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Maine’s First “No Discharge” Designation Made for Casco Bay
Release Date: 07/20/2006
Contact Information: David Deegan, (617) 918-1017
(Portland, Maine – July 21, 2006) – Some of Maine’s most heavily used recreational coastal waters will soon be cleaner and healthier, following today’s announcement that Casco Bay is designated a “No Discharge Area,” the first of its kind in the state where releases of treated and untreated boat sewage will be prohibited.
Governor John Baldacci and Rep. Tom Allen joined with EPA and state environmental officials to make the milestone announcement at a Portland pier where EPA’s state of the art ocean-going research vessel “The Bold” was docked. The Bold is making its first visit to Maine’s waters.
“This is a great day for ensuring cleaner and healthier coastal waters in Casco Bay,” said Robert W. Varney, regional administrator of EPA's New England Office. "I applaud this step by Maine’s leaders to take an important step forward in making New England’s coastal waters better protected. It’s worth noting that EPA’s new ocean research vessel, The Bold, is designed to be fully compliant with this health-protective designation.”
The area included in the no discharge designation includes all contiguous waters north and east of Cape Elizabeth Light in Cape Elizabeth, to a point at Bald Point in Phippsburg. The area also includes the navigable reaches of the Fore River, Presumpscot River, Royal River, Cousins River, Harraseeket River, and the New Meadows River.
"I am proud to be the Governor who requested the first No Discharge Zone in Maine. Discharges of sewage from vessels will no longer be allowed in Casco Bay. This designation will be followed by others along our coast in the near future," stated Governor John Baldacci.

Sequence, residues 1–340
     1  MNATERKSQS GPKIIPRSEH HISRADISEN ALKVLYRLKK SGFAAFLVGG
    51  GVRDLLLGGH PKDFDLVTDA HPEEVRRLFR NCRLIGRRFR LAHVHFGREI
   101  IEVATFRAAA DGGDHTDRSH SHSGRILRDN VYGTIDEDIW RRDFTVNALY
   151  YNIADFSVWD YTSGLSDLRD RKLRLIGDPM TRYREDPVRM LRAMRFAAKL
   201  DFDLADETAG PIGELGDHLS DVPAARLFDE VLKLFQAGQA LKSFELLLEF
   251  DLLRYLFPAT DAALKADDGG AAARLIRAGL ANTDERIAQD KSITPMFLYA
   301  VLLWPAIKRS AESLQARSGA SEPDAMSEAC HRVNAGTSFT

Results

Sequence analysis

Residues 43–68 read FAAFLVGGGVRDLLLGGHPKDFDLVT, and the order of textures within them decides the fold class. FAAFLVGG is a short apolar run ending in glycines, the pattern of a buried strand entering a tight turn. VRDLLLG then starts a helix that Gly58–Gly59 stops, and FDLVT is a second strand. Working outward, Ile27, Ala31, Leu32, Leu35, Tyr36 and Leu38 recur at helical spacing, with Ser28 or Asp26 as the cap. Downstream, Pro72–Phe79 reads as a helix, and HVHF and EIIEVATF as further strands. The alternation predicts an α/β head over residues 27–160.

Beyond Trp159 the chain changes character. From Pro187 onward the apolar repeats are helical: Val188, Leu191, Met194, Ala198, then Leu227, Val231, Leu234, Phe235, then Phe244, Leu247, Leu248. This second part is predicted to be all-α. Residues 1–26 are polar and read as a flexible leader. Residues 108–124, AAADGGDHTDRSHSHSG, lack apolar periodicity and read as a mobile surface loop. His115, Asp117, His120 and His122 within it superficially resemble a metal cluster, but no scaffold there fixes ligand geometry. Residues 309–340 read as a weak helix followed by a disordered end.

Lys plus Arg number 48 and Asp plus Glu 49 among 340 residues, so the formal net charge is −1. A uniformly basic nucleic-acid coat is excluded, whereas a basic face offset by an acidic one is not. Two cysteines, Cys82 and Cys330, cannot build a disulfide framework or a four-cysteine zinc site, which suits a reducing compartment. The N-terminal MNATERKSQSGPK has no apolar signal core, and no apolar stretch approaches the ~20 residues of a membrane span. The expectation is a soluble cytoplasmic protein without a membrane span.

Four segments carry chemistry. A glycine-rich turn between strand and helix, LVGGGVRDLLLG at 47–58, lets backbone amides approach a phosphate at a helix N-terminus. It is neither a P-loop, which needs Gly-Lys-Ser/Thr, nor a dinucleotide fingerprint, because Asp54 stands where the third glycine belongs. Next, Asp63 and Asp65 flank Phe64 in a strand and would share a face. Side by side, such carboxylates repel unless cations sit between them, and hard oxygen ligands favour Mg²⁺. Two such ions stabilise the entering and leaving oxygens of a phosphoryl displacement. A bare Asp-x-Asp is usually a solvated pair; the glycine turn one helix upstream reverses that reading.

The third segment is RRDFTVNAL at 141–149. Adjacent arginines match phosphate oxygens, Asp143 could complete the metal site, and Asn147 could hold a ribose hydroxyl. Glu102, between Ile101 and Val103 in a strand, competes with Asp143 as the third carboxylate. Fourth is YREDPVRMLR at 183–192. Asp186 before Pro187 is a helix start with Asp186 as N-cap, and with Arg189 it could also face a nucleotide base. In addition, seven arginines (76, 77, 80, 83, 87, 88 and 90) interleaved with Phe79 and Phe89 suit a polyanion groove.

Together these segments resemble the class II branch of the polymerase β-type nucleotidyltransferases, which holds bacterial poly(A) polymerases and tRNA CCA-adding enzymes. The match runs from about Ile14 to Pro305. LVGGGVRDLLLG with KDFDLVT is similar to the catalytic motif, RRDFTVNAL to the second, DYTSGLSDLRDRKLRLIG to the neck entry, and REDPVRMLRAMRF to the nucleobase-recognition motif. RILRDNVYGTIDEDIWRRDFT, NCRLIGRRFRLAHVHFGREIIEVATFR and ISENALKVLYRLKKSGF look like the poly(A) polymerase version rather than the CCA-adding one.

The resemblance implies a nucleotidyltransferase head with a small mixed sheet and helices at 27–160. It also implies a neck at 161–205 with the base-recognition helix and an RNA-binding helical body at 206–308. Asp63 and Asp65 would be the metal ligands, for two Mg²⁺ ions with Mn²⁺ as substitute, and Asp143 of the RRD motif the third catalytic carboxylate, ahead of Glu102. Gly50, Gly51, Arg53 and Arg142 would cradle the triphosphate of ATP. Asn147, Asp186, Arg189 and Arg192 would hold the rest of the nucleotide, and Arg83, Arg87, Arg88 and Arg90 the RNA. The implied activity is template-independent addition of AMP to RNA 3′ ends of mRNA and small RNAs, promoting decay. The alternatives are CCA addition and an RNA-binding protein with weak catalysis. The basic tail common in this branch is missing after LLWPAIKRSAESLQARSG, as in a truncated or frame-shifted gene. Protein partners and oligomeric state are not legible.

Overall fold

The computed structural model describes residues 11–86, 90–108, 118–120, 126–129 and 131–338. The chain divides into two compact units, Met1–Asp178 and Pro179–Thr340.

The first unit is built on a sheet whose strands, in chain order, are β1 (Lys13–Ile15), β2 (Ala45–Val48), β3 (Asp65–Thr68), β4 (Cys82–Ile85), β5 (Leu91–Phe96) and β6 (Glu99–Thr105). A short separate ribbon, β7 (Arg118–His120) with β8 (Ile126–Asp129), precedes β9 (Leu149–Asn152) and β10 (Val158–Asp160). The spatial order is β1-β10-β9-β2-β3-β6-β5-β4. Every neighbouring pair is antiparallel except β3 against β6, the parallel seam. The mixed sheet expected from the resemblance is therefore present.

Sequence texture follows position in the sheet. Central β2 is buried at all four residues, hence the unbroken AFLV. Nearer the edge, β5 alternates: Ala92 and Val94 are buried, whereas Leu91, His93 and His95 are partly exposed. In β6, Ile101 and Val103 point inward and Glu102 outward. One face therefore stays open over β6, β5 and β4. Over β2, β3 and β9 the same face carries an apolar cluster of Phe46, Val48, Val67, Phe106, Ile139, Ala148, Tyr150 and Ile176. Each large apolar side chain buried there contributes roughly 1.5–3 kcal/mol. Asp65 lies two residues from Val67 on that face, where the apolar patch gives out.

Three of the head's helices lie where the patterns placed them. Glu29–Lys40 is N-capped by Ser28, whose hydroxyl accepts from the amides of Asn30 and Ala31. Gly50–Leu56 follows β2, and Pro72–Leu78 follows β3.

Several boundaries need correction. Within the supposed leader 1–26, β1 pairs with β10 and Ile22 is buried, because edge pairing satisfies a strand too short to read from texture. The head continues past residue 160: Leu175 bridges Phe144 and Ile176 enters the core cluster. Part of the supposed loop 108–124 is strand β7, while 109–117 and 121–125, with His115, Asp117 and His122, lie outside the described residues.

To qualify for a No Discharge designation, the applicant must show there are adequate pumpout facilities where boaters can get their holding tanks pumped out. Casco Bay has an estimated 4896 boats, of which approximately 3897 may have a “head” or toilet on board, certified by the Maine Dept. of Environmental Protection. Boat sewage can lead to health problems for swimmers, closed shellfish beds and the overall degradation of marine habitats.
Along with this announcement about expanding environmental protections in Maine, the City of Portland today hosted EPA’s only Ocean Survey Vessel "The Bold” for public tours of the ship and its facilities. Children, parents, students and tourists had a chance to speak with chief scientists stationed on the ship and to learn about important research being conducted in U.S. ocean waters.
The Bold is a converted U.S. Navy 224-foot ocean surveillance ship that is specifically designed to help the EPA conduct water sampling and perform data analysis. One of the Bold's first missions was to perform coastal monitoring after Hurricanes Katrina and Rita in the Gulf of Mexico.
The vessel is currently staffed by a team of EPA scientists who are conducting surveys in New England waters such as collecting surf clams and ocean quahogs to test for Paralytic shellfish poisoning (PSP) associated with red tide.
The ship is used to monitor and assess the impacts of pollution and the health of our coastal and ocean waters and is outfitted with state-of-the art equipment used to collect samples including water and sediments and has onboard laboratories.
The public is invited to take advantage of this unique opportunity to take a glimpse into the world of ocean monitoring - and environmental sampling and analysis.
More information on the OSV Bold: (epa.gov/bold)
More information on No Discharge Zones in New England (epa.gov/region1/eco/nodiscrg/index.html)
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